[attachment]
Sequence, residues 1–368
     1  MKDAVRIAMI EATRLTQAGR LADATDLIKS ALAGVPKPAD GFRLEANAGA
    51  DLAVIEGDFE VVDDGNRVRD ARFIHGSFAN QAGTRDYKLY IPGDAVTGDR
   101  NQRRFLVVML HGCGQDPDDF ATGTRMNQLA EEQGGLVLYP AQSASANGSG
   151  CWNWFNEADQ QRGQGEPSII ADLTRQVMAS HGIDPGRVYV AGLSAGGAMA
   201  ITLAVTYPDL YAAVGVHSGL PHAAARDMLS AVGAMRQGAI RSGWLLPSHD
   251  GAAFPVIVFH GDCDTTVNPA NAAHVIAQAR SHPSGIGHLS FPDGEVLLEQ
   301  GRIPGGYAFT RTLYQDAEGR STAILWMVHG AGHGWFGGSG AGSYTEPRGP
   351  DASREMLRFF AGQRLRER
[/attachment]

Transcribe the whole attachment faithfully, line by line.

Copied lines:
Sequence, residues 1–368
     1  MKDAVRIAMI EATRLTQAGR LADATDLIKS ALAGVPKPAD GFRLEANAGA
    51  DLAVIEGDFE VVDDGNRVRD ARFIHGSFAN QAGTRDYKLY IPGDAVTGDR
   101  NQRRFLVVML HGCGQDPDDF ATGTRMNQLA EEQGGLVLYP AQSASANGSG
   151  CWNWFNEADQ QRGQGEPSII ADLTRQVMAS HGIDPGRVYV AGLSAGGAMA
   201  ITLAVTYPDL YAAVGVHSGL PHAAARDMLS AVGAMRQGAI RSGWLLPSHD
   251  GAAFPVIVFH GDCDTTVNPA NAAHVIAQAR SHPSGIGHLS FPDGEVLLEQ
   301  GRIPGGYAFT RTLYQDAEGR STAILWMVHG AGHGWFGGSG AGSYTEPRGP
   351  DASREMLRFF AGQRLRER